"I, myself, am made entirely of flaws, stitched together with good intentions.
" - Augusten Burroughs
Saved child of God
, bibliophile, hopelessly geeking
fangirl, pre-medical student, military supporter, South Carolinian, small town
travel junkie, and lover of the Southern
way of life ♥
Tha beagan Gàidhlig agam.
- Is e iomradh an droch latha a nì latha math gu iomradh
Practise rowing in a rough sea and soon the rough sea will seem calm to you
- Mionn nach còir a dhèanamh cha chòir a gléidheil
An oath that ought not to be made ought not to be kept
- Is fhearr “fire-faire” na “mo thruaigh”
Better to be envied than pitied
- Is fhearr duine bochd na breugaire
A poor man is better than a liar
- Is fhearr am beag-seadhach na an draghaiche mór, mi-ghnìomhach
The little sensible man is better than the great inactive burdensome man
- Is fhearr tilleadh am meadhan an àth na bàthadh uile
Better turn in the middle of the ford than drown yourself completely
- Is miste baile fear is a’ bhara ri falbh
A township is the worse of a man who intends to leave.
- Am miosad ‘s an donad mar a bha cuilean a’ mhadaidh-ruaidh
The bigger the worse as the fox’s whelp.
- Aiteamh na gaoithe tuath air an t-sneachda — tuilleadh a chur ‘na cheann
The north wind’s way of thawing the snow is to add more to it
- Is usa ràdh na chur an gnìomh,
Easier said than done.
- Tha tuilleadh ‘s a phaidir aige
He knows more than his rosary.
“The hand that gives is the one that receives”
- This is a Scottish Gaelic proverb from Nova Scotia; Nova Scotian Gaelic is interesting in that it has retained a lot of old fashioned Gaelic forms and then borrowed some words from Mi’kmaq. For a while there even was a Gaelic pidgin language used in Nova Scotia between First Nations and Scottish Gaels, made up of English, Gaelic, French, Cree, Ojibway and other First Nations’ languages.
“An Latha a Fhuair Gàidhlig Greim air an t-Saoghail”
bu toil leam fuireach san t-saoghal seo.
allúrach, coimhthíoch, eachtrannach agus gall.
daaroe, rovkije (non-Saami woman), laedtie (non-Saami man)
ládde, ålggorijkak, dádtja
aineol, coigreach, far-thìreanach, eilthireach , coimheach, farbhalach, achdran, eachdranach
I’m pretty sure most of you haven’t heard this Gaelic ballad before, but in short it tells the story of Fionn, King of Scotland, and how he dreams about the most beautiful woman on the planet.
But it’s a very feminist song, so screw the king and his gazing, when the man who has been sent awa to track down this beauty and take her home to the king, the woman is by no means letting the king get away with his shit, so she gets him drunk, plays the harp, tells the soldier to put his face in her lap which he gladly does, thinking he’s about to get lucky and, well, let’s have a look at the last verse;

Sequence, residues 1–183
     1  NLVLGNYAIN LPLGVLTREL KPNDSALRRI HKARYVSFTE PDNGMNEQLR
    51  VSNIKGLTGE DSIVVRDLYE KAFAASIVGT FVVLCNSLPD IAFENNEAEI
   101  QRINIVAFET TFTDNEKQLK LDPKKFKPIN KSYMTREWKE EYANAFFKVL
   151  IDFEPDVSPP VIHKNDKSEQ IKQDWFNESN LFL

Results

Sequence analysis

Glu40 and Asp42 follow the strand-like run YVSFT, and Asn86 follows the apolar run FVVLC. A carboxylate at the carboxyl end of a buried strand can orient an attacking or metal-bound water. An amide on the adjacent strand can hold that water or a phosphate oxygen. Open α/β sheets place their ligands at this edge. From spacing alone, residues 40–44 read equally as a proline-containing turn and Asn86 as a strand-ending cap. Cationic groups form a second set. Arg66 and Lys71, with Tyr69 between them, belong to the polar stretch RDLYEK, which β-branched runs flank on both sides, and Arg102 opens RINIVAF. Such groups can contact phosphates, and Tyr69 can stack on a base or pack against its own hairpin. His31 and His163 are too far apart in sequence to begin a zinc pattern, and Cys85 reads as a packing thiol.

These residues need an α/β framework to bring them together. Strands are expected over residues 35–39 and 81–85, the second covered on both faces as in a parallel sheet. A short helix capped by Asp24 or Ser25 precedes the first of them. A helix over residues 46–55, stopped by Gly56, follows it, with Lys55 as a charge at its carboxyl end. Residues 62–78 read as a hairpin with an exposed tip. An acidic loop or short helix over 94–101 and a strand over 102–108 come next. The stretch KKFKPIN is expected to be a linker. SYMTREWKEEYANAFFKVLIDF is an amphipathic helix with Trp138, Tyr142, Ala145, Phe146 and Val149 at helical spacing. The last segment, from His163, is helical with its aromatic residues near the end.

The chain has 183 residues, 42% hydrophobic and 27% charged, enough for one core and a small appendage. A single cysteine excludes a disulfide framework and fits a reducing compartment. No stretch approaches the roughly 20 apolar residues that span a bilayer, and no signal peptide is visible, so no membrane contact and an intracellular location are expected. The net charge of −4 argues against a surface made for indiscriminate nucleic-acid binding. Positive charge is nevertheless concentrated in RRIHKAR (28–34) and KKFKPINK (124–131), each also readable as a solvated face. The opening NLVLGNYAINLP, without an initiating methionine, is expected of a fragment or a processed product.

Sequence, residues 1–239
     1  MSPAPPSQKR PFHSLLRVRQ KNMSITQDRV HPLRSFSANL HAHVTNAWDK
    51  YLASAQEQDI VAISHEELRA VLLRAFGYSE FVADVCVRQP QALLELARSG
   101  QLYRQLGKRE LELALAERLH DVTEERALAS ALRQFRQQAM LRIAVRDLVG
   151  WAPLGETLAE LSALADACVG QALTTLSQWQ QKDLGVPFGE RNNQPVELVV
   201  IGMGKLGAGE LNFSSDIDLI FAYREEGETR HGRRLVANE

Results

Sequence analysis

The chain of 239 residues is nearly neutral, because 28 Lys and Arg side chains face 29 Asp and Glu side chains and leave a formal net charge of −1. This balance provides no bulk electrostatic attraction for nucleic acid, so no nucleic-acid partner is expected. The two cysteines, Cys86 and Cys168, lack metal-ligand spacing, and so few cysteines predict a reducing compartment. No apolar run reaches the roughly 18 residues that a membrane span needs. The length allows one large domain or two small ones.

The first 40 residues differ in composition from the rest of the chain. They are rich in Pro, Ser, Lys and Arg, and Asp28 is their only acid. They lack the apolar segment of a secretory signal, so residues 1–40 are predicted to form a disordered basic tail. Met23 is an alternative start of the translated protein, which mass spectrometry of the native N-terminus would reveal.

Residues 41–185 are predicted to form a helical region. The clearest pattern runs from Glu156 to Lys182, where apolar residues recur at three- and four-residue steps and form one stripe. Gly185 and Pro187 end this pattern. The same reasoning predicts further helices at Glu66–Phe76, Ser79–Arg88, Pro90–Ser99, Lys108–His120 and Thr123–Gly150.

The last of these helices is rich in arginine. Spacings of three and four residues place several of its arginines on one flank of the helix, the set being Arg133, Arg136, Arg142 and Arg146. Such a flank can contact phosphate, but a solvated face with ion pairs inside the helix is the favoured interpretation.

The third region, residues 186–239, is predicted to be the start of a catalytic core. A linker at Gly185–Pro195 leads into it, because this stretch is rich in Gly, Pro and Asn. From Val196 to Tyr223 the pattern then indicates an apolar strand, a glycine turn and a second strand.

Ghoid i ‘n claidheamh geur fo crios
Thilg i dheth gun fhiosd an ceann
Siud agaibh deireadh mo sgeòil
’S mar a sheinneadh am bròn binn.
Yes, indeed, it does translate as
She stole the sharp sword from his belt
and without anyone noticing, she cut off his head
and thus endeth my story
and this is how the Sweet Sorrow is sung
Gaelic psalms at Back Free Church, Isle Of Lewis- 20/21/oct/2003
Tha Mo Ghaol Air Àird a’ Chuan - My Love is On the High Seas
one of my favorite Scottish Gaelic songs
and this video is just perfect
Ged tha mo cheann air liathadh,
Le deuchainnean is bron,
Is grian mo leth-cheud bliadhna
Air ciaradh fo na neoil;
Tha m’ aigne air an lionadh
Le iarrtas tha ro mhor,
A dh’fhaicinn Eilean Sgiathach
Na siantanan ‘s a’ cheo.
Tha corr ‘s da fhichead bliadhna
Bho’n thriall mi uait gam’ dheoin.
’S a chuir mi sios mo lion
Ann am meadhon baile mhoir;
Is ged a fhuair mi iasgair
A lion mo thaigh le stor,
Bu chuimhneachail mi riamh ort
’S bu mhiann leam bhi ‘nad choir.
Ach co aig a bheil cluasan
No cridh’ tha gluasad beo,
Nach seinneadh leam an duan seo
Mu’n truaigh’ a thainig oirnn?
Na milltean a chaidh fhuadach
Thar chuain gun chuid, ‘s gun choir,
Tha miann an cridh’ ‘s an smuaintean
Air Eilean uain’ a’ Cheo.
Nis, cuimhnichibh ur cruadal,
Is cumaibh suas ur srol;
Gu’n teid an roth mu’n cuairt duibh
Le neart is cruas nan dorn;
Gum bi bhur crodh air buailtean
’S gach tuathanach air doigh;
’S na Sas’nnaich air am fuadach
A Eilean uain’ a’ Cheo.
Although my head has greyed
With forgetfulness and sadness,
And the sun of my fifty years
Has darkened under the clouds;
My thoughts are filled
With a great desire,
To see the Isle of Skye
The elements and the mist.
It is more than forty years
Since I left you willingly,
And I put down my roots
In the middle of the city;
And although I married a fisherman
Who filled my house with wealth,
You are forever in my mind
And I long to be in your shelter.
But who has ears,
Or a heart which beats with life
Who will not sing this song with me
About the hardship which has befallen us?
The thousands who were cleared
Deprived of their belongings and their rights,
The desires of their hearts and their thoughts
Are on the “Green Isle of the Mist”.
Now remember your hardship,
And keep your banner flying;
For the wheel (of change) will not go round for you
Without strength and hardness of fist;
Your cattle will be in their folds,
And every farmer will be happy -
And the English would be ousted
From the “Green Isle of the Mist”.
An-diugh - Today
A-nochd - Tonight
A-Màireach - Tomorrow
Anns a’ mhadainn/Sa Mhadainn - In the morning
An t-seachdain seo - This week
An ath sheachdain - Next week
Biodh an Deoch Seo ‘n Làimh Mo Rùin - Julie Fowlis
The drink will be in the hand of my lover
(Source: mothpope, via disarrayofhappenstance)